The current summer 1606 sums the currents from the positive temperature coefficient current generator 1603, the negative temperature coefficient generator 1604, and the trimmable curve temperature coefficient current generator 1605 to generate a zero temperature compensated current ZTC 1608. The bit signal generator 1602 generates the control bits in response to control signals from the fuse circuit 110. The bit signal generator 1602 provides the control bits to the generator 1602, 1603, 1604, and 1605. The binary complementary trimming circuit 1600 further comprises an inverting circuit 1610 that provides inverted control signals to the positive temperature coefficient current generator 1603 and negative temperature coefficient generator 1604 to provide complementary trimming. In one embodiment, each incremental trim of the positive temperature coefficient current generator 1603 corresponds to a complementary (or decremental) trimming of the negative temperature coefficient current from the negative temperature coefficient generator 1604. In an illustrative example, if the positive temperature coefficient current is trimmed upward by one or a plurality of increments, the negative temperature coefficient current is automatically trimmed down by one or a plurality of decrements. Vice versa, if the positive temperature coefficient current is trimmed downward by one or a plurality of decrement; the negative temperature coefficient current is automatically trimmed up by one or a plurality of increments. The trimmable current temperature compensated current generator 1605 generates a trimmable positive temperature coefficient current PCTC1 and a negative temperature coefficient current NCTC1. The currents PCTC1 and NCTC1 are zero at a temperature less than a desired temperature. The currents PCTC2 and NCTC2 are similar to PCTC1 and NCTC1 except they are zero at a different temperature.

FIG. 17 is a graph illustrating the complementary temperature coefficient current using binary complementary temperature coefficient trimming.

A line 1702 corresponds to the temperature coefficient current generated by the binary complementary trimming circuit 1600 as the sum of the various temperature compensated currents. By altering the individual current characteristics and the adjustable trimming, the temperature compensated current shown in the line 1702 may be varied to have a desired characteristic, such as a flatter curve over a desired temperature range, for example from 0° C. to 70° C. or from −40° C. to 125° C.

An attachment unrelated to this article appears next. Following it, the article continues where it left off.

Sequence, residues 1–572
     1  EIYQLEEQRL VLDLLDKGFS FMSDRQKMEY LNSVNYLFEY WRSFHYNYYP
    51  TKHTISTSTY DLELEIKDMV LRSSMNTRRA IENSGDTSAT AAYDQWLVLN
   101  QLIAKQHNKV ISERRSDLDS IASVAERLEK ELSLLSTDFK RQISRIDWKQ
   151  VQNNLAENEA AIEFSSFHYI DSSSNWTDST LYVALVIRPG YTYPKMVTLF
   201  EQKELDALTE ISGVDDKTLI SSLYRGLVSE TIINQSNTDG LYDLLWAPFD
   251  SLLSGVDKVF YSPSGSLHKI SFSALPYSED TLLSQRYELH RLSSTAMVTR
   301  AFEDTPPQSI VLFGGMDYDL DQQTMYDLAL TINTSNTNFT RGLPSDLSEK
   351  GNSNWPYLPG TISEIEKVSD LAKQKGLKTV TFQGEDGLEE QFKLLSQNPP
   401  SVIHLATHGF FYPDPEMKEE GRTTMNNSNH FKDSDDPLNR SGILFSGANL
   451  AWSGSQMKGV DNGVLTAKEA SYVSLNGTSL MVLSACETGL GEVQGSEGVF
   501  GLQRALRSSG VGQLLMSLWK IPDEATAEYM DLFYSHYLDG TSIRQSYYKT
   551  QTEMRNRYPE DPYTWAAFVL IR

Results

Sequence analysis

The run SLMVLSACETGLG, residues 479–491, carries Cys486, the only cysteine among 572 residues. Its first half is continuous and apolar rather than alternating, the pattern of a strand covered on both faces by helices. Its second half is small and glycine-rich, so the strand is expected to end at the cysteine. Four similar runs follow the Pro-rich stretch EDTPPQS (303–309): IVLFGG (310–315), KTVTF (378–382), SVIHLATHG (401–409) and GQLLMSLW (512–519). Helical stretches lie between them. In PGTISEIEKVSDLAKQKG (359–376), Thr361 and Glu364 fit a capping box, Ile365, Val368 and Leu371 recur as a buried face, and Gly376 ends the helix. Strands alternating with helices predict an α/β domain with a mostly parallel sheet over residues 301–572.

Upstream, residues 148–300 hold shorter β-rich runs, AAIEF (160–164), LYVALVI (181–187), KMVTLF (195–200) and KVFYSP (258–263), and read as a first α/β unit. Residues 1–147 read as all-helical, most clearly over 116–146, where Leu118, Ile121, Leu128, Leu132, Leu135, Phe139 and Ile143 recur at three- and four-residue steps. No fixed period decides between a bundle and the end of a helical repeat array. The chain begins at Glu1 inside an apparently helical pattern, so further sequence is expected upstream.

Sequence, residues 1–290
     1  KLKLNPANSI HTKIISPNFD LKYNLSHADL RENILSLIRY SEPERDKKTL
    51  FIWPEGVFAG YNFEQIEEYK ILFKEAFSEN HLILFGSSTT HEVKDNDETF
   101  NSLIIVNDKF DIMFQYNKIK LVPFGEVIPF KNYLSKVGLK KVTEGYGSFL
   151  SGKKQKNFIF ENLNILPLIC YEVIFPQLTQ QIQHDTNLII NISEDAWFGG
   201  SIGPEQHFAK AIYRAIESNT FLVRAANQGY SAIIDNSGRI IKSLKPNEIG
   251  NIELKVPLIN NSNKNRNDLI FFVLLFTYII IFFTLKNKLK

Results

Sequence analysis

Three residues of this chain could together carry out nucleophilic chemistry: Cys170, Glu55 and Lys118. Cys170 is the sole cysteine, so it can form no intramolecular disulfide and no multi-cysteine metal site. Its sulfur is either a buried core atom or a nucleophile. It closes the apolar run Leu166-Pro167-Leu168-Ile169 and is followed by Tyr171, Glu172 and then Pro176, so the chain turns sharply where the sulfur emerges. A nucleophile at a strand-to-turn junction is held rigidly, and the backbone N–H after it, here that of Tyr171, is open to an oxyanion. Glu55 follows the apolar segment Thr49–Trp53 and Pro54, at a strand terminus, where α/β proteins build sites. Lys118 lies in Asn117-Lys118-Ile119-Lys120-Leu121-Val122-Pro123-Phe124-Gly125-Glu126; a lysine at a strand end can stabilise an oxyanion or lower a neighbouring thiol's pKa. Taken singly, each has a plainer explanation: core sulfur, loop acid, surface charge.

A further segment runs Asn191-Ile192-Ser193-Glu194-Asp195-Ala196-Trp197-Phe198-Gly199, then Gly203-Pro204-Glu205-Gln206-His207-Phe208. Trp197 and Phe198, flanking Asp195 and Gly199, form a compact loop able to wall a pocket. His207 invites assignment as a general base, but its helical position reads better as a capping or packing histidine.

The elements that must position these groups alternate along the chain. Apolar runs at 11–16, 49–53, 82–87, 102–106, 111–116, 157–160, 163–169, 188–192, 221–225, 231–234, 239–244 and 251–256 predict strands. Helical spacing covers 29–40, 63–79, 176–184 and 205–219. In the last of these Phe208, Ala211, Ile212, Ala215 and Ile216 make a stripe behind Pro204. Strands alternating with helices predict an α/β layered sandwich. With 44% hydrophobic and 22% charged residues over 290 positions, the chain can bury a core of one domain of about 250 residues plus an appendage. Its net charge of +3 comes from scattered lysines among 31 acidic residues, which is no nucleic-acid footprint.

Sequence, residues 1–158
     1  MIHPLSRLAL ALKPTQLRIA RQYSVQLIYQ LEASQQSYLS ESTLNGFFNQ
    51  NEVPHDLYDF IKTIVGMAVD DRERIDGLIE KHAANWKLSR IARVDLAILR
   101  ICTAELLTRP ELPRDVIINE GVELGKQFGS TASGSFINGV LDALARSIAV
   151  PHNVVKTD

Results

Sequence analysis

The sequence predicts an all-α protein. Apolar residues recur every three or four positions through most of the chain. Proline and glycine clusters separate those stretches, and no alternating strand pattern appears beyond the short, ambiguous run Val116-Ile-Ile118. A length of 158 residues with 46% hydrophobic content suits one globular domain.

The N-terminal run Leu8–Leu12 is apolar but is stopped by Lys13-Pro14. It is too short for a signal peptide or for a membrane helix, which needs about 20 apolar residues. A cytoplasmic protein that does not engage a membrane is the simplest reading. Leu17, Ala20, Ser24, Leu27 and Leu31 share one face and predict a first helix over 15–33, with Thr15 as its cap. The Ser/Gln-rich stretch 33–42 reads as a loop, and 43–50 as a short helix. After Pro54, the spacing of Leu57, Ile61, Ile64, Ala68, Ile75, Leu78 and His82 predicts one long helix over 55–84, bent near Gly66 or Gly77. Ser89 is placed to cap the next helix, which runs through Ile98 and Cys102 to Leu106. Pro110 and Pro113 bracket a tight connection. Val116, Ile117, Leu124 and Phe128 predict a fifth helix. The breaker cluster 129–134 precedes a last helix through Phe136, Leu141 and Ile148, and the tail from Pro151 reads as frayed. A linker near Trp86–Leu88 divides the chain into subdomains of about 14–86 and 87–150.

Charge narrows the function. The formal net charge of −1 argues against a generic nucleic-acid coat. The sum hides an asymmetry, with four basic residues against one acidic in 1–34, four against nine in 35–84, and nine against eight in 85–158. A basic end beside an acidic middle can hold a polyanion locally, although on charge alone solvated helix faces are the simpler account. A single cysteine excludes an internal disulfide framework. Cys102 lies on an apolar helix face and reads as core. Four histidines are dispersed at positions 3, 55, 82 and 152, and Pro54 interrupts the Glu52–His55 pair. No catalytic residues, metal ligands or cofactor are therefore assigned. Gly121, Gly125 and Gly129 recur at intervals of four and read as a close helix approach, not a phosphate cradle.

FIG. 18 is a graph illustrating the generation of a complementary temperature coefficient current.

The approximate zero temperature coefficient current IAPX0 is derived from equations (8) and (9), described above.

FIG. 19 is a block diagram illustrating a curved temperature coefficient current generator 1900.

The curve temperature coefficient current generator 1900 comprises a positive temperature coefficient current generator 1902, a IAPX0 current generator 1903, and a curve temperature coefficient current generator 1904.

The curve temperature coefficient current generator 1900 generates the positive curved temperature coefficient current IPCTC defined above in Equation (8). Similarly, the negative curved temperature coefficient current INCTC is generated.

FIG. 20 is a graph illustrating the generation of a complementary positive curve temperature coefficient voltage VPCTC.

In an alternate embodiment to the generation of a complementary temperature coefficient current of FIG. 18, a curved voltage element may be used instead of a curved current element. In one embodiment, the positive temperature coefficient voltage is generated by applying the positive temperature coefficient current to a resistor. In this embodiment, the approximate zero temperature coefficient voltage VAPX0 equals the positive temperature coefficient voltage VPTC plus the negative temperature coefficient voltage VNTC.

FIG. 21 is a schematic diagram of a complementary positive temperature coefficient voltage generator 2100.

The complementary positive temperature coefficient voltage generator 2100 comprises a comparator 2102 and a plurality of switches 2104 and 2106. The comparator 2102 compares the positive temperature coefficient voltage VPTC to the approximate zero temperature coefficient voltage VAPX0. The comparison result is used to generate a difference VPTC minus VAPX0 voltage that is sampled by the switch 2104 to generate the complementary positive curve temperature coefficient voltage VPCTC. If the positive temperature coefficient voltage VPTC is greater than the approximate zero temperature coefficient voltage VAPX0 (VPTC>VAPX0), the switch 2104 is closed to provide an output voltage VPTC minus VAPX0 as the complementary positive curve temperature coefficient voltage VPCTC. If the positive temperature coefficient voltage VPTC is smaller than the approximate zero temperature coefficient voltage VAPX0 (VPTC<VAPX0), the switch 2106 is closed to provide a ground GND as the complementary positive curve temperature coefficient voltage VPCTC. Similarly, a complementary negative curve temperature coefficient voltage VNCTC may be generated.

In an alternative embodiment, if the positive temperature coefficient voltage VPCT is greater than the approximate zero temperature coefficient voltage VAPX0 (VPTC>VAPX0), the positive temperature coefficient voltage VPTC is provided by the switch from the positive input of the comparator 2102 as the complementary positive curve temperature coefficient voltage VPCTC. In this embodiment, the voltage VPCTC has a higher voltage level.

FIG. 22 is a flow chart illustrating an operation of approximation complementary trimming.